reply to post by bjarneorn
First of all, China is not showing any interrest in building an attacking force.
That's totally incorrect.
You are mixing orders with intent and military growth. How
you use your military force is what characterizes it as being offensive or
defensive, and defensive usually means smaller
numbers, not bigger
For instance, both Germany and Japan were allowed to have a defensive military force. But, since they were defensive, their numbers were almost 1/10
of what they had previously. The size of your force is what defines what you can do with it, even if you choose not to use it.
As we speak, China is increasing it's military in both size and sophistication.
Most people assume China didn't have a big enough military force to be defensive, but they actually did. They had more than enough troops and
vehicles to secure all their territory. The only problem with them is what is called "projection", the ability to reach other countries with your
That's the only reason why Chinese military is(or was) regarded as defensive. It didn't have any projection capability outside their regional
That is changing.
Japan flags Chinese army's growing role as risk
China boosts defense budget 11 percent after U.S. "pivot"
Japan on Tuesday flagged the Chinese army's growing role in shaping the country's foreign policy as a security risk, saying a sense of caution
exists across East Asia about Beijing's apparent military expansion in the region.
China will boost military spending by 11.2 percent this year, the government said on Sunday, unveiling Beijing's first defense budget since
President Barack Obama launched a policy "pivot" to reinforce U.S. influence across the Asia-Pacific.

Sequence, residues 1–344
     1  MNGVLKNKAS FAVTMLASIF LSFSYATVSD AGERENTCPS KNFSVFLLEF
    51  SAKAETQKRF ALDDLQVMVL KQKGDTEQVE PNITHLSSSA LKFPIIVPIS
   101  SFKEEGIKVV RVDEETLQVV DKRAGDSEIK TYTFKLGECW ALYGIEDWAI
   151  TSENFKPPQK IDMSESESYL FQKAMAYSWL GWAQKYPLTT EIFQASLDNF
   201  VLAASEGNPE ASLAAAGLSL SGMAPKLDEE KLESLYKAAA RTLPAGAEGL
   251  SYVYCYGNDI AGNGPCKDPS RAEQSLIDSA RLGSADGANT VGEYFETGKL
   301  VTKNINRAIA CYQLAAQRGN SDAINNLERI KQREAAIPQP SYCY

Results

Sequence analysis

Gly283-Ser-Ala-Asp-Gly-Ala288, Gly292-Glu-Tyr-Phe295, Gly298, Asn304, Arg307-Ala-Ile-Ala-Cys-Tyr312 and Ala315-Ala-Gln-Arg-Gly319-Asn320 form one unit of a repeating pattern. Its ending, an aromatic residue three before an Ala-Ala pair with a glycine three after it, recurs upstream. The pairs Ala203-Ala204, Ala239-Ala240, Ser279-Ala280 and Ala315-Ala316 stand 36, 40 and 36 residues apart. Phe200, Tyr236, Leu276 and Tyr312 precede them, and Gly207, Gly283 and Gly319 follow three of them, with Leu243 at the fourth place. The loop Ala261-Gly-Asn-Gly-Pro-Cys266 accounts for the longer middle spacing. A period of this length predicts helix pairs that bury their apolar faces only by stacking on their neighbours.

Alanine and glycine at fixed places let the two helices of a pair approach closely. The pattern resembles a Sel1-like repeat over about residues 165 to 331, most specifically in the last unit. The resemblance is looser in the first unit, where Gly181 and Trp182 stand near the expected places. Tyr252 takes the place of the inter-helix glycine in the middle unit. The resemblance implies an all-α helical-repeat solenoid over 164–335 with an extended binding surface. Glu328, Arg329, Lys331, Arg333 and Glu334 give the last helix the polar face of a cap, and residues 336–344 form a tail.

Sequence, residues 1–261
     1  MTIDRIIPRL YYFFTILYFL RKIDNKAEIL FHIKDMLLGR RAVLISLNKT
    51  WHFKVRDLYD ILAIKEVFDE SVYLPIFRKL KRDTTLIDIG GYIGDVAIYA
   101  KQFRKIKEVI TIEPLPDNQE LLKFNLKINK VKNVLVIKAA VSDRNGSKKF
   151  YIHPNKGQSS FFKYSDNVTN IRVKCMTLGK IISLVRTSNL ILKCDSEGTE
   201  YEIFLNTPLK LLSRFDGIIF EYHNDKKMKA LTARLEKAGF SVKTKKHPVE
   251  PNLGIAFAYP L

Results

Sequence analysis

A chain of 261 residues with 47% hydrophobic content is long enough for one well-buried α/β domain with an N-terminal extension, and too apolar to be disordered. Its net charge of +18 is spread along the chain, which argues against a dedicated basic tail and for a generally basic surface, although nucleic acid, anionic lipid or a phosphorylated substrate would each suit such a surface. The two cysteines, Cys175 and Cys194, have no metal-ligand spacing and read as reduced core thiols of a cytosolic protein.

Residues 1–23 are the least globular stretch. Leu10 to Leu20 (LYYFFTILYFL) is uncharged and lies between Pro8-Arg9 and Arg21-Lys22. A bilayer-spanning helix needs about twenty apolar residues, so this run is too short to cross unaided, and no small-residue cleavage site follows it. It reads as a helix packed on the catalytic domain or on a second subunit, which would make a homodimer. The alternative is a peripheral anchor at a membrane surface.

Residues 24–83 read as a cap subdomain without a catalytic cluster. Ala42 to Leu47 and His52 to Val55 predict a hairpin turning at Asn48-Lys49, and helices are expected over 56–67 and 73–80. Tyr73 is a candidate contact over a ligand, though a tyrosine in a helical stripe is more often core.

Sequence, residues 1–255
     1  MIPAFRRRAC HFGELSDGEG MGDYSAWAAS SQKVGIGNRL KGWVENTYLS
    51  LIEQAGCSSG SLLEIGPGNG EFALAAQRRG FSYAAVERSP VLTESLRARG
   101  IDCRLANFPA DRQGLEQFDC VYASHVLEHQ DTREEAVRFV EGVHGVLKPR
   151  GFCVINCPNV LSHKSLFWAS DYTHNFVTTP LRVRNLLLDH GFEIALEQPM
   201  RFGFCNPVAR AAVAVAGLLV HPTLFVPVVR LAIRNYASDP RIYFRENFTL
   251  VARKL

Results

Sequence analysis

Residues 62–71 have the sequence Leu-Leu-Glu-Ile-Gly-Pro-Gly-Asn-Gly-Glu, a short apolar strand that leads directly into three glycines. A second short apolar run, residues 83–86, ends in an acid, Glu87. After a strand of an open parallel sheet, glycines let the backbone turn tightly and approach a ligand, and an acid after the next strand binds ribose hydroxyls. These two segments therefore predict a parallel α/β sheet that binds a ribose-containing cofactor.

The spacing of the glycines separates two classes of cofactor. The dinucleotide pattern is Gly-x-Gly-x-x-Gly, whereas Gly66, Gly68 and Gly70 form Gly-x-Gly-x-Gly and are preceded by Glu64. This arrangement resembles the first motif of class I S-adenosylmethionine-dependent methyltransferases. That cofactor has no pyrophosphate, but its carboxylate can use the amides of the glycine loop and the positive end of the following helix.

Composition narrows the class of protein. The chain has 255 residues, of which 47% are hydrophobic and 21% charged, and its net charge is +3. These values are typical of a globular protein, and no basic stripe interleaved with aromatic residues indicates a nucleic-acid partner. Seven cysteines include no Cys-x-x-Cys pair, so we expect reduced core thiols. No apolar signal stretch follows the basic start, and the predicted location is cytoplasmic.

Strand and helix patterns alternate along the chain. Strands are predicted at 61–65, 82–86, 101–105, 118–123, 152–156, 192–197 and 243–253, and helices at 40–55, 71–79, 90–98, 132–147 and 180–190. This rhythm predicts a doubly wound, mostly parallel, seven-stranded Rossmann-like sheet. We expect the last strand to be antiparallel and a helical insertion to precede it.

The increase announced by parliament spokesman Li Zhaoxing will bring official outlays on the People's Liberation Army (PLA) to 670.3 billion yuan
($110 billion) for 2012, after a 12.7 percent increase last year and a near-unbroken string of double-digit rises across two
Although it's still very far from what the U.S. spends, it's a serious demonstration that China is going for it. You don't need to spend billions
upon billions, and increase spending further, just to keep defensive. Especially considering the force they already had.
You increase spending when you want more, and more means offensive.
Want an example of that? Which country has been waging more offensive wars in the past decade or two (morality and effectiveness of the wars is not
being addressed)? The U.S....
Which is the country with the biggest increase in military spending in recent years? The U.S....
It's one of those things of "1+1=2".
China has only bought one aircraft carrier from Russia. A used one ... if China wanted to establish such force, it would obviously build one
itself ... but instead, it has bought one ready made, for the purpose of studying it's capabilities.
You are not talking about buying a car...
An aircraft carrier is provably one of the most advanced and complex pieces of engineering that we've ever built. You can't just wake up and say "I
want an aircraft carrier today". The Russians and the Americans spent decades perfecting them, and unless you want to be wiped out in a battle, you
need to keep up with modern warships.
Buying a used - but still modern - carrier means that they just gained access to a perfect example of "how to build and aircraft carrier". Without
spending billions, mind you. Russians are experts in making complex vehicles with a price-stamp of rain...
They can study and analyze structural weak and strong points, stress points where it can fracture, and so on. The Chinese are known to pick up
something other countries/companies developed, and building them with half the cost and twice the number.
They didn't buy the carrier to use it, they bought it so they could learn enough to make their own. Exactly the same thing they are doing with
aircrafts and other vehicles.
And aircraft carriers aren't defensive. They are an offensive force. For defense you just need airfields around your country...